A unified theory of shoving

After Nicole’s paean to online shopping, as distinguished from the madness that seems to overtake people actually shopping in person this time of year — I riffed on it here — Lynn comes up with a thought experiment of sorts:

I do not loathe the rest of humanity, at least not most of the time. I even sort of like the idea of shopping in actual stores. But then there’s Walmart. And I don’t think it’s actually Walmart per se that’s the problem. It’s just what happens when you get a large number of people in one space who independently have the same goal: to buy stuff and get out as quickly as possible. Seriously, have you ever been in Bass Pro Shop in December?

Such observations over the years have prompted one of our resident scientists to formulate a hypothesis:

I have a hypothesis that between five and ten percent of the population is just going to behave in really annoying ways to everyone else. If you’re in a store with 20 people that’s not a big deal because that’s only one or two people. But if you cram 500 people in the store, you could be looking at 50 Special Snowflakes.

Perish the thought.



  1. Nicole »

    30 October 2013 · 7:42 pm

    An excellent point. My husband is fond of reminding me that 50% of the population is below average…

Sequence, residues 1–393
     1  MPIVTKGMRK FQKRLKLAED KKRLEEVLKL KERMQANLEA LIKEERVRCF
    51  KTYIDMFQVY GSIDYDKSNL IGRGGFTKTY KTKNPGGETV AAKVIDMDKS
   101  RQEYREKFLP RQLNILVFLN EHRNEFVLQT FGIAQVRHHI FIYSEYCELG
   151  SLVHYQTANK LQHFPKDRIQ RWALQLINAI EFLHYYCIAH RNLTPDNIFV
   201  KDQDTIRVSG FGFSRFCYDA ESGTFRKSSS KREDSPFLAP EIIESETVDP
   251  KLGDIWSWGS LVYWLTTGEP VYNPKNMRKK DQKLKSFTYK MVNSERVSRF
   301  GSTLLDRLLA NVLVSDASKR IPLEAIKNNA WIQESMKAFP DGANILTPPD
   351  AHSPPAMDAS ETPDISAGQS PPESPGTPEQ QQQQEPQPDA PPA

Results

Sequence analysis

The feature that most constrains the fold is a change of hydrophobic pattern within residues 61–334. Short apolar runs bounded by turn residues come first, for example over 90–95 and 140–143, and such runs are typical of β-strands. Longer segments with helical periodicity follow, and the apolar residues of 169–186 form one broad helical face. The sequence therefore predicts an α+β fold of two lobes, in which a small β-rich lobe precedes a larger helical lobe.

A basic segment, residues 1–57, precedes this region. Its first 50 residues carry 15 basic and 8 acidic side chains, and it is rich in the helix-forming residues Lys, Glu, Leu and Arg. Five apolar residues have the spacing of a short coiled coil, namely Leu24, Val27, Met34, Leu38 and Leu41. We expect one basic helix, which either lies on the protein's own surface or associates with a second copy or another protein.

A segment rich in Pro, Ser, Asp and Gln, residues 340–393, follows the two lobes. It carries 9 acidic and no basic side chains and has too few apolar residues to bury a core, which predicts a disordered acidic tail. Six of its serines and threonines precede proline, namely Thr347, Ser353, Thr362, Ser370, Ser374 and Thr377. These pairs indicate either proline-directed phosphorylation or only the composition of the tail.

2. McGehee »

    30 October 2013 · 9:44 pm

    Actually, I think there’s something about density of human population in any confined environs that increases the proportion thereof that is particularly … dense.

  3. fillyjonk »

    31 October 2013 · 7:22 am

    It’s a known phenomenon in the animal world that if you increase density, competition and aggression also increase. (which is partly why people setting up aquaria are directed not to go over the limit of fish per volume. Waste production has something to do with that too, but if you crowd too many fish, they can start attacking each other). And humans are animals, too. Maybe better-dressed animals, but still, animals.

  4. Tatyana »

    31 October 2013 · 12:24 pm

    Today’s coincidence, reading Poirot’s story:
    “Certainly, there were too many people in the Underground world of London at this particular moment (6:30pm) of the evening., Heat, noise, crowd, contiguity – the unwelcome pressure of hands, arms, bodies, shoulders! Hemmed in and pressed by strangers – and on the whole (he thought distastefully) a plain and uninteresting lot of strangers! Humanity seen thus en masse was not atracive. How seldom did one see a face sparkling with intelligence, how seldom a femme bien mise!

  5. CGHill »

    31 October 2013 · 2:20 pm

    Regression to the mean — or, perhaps, to the meaner.

  6. fillyjonk »

    1 November 2013 · 10:08 am

    I always DID like ol’ Hercule…

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